Human Rights Watch, an international nongovernmental organization that promotes human rights worldwide, commends the hospitality that Lebanon has thus far shown to refugees arriving in large numbers from Syria. Since the conflict began in the spring of 2011, Lebanon has welcomed over a million people fleeing from conflict in Syria who face the risk of serious harm if returned.
Human Rights Watch appreciates the great burden of this refugee influx on Lebanese society and the inadequacy of international support to help Lebanon meet their needs, but remains concerned that new regulations aimed at limiting the number of asylum seekers fleeing conflict and persecution in Syria who are allowed to enter Lebanon puts countless lives at risk of serious harm.
While such regulations are well within the sovereign right of governments to impose on foreigners in normal circumstances, the situation of people directly fleeing the effects of armed conflict are not those of ordinary immigrants, and the sovereign rights of the receiving country under such circumstances are trumped by the exceptional need to respect the human rights of asylum seekers and refugees. Our fundamental concern is the protection of the lives and freedom of all people who would qualify under international customary law as refugees and whose return would constitute a breach of the customary international law principle of nonrefoulement.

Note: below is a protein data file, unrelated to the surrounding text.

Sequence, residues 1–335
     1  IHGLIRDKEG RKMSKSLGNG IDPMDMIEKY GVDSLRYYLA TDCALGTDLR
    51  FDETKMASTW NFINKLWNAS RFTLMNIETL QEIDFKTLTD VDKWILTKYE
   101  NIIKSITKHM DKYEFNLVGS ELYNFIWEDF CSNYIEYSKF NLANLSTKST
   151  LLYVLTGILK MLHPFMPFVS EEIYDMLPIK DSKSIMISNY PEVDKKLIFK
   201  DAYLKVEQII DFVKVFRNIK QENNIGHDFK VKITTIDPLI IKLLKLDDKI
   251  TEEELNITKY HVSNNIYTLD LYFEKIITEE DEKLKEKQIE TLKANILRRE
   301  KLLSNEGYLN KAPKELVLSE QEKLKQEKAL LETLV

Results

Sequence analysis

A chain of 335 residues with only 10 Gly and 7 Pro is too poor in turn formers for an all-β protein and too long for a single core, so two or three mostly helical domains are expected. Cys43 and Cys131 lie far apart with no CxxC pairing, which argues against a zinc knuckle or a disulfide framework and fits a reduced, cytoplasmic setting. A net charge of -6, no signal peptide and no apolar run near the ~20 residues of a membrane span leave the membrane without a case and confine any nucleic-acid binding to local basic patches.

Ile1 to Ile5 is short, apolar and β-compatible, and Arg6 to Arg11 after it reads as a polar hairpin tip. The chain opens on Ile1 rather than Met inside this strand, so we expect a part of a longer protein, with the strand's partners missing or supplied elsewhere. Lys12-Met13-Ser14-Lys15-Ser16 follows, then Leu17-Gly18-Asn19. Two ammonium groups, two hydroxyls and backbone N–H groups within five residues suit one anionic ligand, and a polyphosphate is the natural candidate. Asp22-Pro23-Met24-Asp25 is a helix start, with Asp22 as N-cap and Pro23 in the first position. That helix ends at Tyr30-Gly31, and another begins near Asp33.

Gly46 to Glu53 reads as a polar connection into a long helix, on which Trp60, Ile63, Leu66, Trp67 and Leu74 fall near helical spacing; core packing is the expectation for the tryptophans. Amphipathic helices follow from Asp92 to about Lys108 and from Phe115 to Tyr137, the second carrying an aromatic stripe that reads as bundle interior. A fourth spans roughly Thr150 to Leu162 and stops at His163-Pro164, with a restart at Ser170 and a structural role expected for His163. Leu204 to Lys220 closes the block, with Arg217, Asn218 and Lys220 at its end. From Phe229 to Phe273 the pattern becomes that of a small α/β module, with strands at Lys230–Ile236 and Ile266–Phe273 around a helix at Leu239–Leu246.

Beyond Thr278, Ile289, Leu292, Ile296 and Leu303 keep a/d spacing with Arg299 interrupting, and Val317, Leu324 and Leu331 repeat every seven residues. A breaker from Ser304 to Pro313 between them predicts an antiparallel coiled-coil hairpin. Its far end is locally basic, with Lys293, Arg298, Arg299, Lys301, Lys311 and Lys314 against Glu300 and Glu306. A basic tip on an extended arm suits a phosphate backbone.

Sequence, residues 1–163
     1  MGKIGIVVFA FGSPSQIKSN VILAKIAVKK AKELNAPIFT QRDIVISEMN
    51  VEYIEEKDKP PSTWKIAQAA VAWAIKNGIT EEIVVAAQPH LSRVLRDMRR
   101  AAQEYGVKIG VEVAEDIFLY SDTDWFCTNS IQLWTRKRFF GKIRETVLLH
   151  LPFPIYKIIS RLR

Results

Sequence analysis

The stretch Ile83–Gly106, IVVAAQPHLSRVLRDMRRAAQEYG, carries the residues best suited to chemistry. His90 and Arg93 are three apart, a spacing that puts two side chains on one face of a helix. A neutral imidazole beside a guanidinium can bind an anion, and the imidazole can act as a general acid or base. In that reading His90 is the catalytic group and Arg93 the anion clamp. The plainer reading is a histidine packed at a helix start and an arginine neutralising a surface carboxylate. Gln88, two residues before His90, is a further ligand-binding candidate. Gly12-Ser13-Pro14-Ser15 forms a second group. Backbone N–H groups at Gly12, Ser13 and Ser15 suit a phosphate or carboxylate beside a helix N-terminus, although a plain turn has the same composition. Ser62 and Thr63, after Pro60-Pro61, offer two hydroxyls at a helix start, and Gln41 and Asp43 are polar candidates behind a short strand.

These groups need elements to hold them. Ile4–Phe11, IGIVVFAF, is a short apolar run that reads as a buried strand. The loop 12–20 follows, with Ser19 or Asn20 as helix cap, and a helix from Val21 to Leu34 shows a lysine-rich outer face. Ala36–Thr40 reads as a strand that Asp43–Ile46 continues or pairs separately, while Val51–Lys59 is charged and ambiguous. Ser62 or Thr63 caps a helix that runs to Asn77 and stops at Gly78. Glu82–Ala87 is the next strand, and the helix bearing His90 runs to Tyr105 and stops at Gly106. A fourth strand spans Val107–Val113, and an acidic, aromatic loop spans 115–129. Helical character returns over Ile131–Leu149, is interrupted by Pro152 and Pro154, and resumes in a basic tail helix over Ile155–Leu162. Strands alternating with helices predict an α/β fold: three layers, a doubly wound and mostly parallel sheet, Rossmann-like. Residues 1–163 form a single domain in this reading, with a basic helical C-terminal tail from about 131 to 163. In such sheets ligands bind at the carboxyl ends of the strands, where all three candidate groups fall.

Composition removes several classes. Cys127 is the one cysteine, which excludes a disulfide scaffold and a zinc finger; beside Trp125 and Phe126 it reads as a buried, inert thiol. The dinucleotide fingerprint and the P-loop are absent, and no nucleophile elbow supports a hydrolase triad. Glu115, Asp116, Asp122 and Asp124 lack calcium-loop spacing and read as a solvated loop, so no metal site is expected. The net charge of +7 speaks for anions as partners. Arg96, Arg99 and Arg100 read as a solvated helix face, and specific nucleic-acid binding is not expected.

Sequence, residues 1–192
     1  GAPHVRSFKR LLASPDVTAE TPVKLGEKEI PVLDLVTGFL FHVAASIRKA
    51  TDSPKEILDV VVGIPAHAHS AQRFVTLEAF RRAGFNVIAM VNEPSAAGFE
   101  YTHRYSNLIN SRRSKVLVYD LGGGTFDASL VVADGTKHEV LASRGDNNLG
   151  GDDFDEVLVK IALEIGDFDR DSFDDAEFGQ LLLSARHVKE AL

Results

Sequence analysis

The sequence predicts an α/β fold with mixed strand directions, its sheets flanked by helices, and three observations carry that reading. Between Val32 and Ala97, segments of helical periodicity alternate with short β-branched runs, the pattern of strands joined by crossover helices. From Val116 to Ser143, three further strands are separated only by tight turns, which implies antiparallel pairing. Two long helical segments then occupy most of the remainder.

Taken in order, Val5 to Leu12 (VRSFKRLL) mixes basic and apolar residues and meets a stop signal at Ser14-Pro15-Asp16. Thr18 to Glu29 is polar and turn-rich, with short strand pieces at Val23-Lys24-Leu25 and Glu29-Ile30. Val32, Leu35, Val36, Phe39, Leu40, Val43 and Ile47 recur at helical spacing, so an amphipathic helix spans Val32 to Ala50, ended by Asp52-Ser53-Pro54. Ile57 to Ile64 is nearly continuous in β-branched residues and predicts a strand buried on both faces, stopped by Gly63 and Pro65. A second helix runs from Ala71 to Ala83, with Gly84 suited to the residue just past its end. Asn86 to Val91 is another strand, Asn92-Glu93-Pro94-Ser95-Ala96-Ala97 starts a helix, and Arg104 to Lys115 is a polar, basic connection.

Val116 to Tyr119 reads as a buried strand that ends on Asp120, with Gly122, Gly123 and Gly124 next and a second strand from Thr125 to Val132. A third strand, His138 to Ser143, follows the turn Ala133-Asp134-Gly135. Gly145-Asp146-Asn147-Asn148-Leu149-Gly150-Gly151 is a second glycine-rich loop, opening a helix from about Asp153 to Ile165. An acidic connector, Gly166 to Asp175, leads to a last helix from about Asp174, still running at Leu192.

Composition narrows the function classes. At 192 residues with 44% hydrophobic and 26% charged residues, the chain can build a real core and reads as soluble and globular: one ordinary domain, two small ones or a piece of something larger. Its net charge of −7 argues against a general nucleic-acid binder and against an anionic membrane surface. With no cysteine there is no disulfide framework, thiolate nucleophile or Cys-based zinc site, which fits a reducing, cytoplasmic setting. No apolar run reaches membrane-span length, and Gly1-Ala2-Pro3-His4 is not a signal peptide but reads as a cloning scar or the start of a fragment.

Syrians continue to flee widespread indiscriminate and targeted violence in their country. In its October 2014 report “International Protection Considerations with regard to people fleeing the Syrian Arab Republic, Update III,” the United Nations High Commissioner for Refugees (UNHCR) observes that “nearly all parts of [Syria] are now embroiled in violence.” UNHCR says that it continues to “characterize the flight of civilians from Syria as a refugee movement,” and that “Syrians and Palestine refugees who had their formal habitual residence in Syria require international protection until such a time as the security and human rights situation in Syria improves significantly.” UNHCR also calls on “all countries to ensure that persons fleeing Syria … are admitted to their territory and are able to seek asylum.”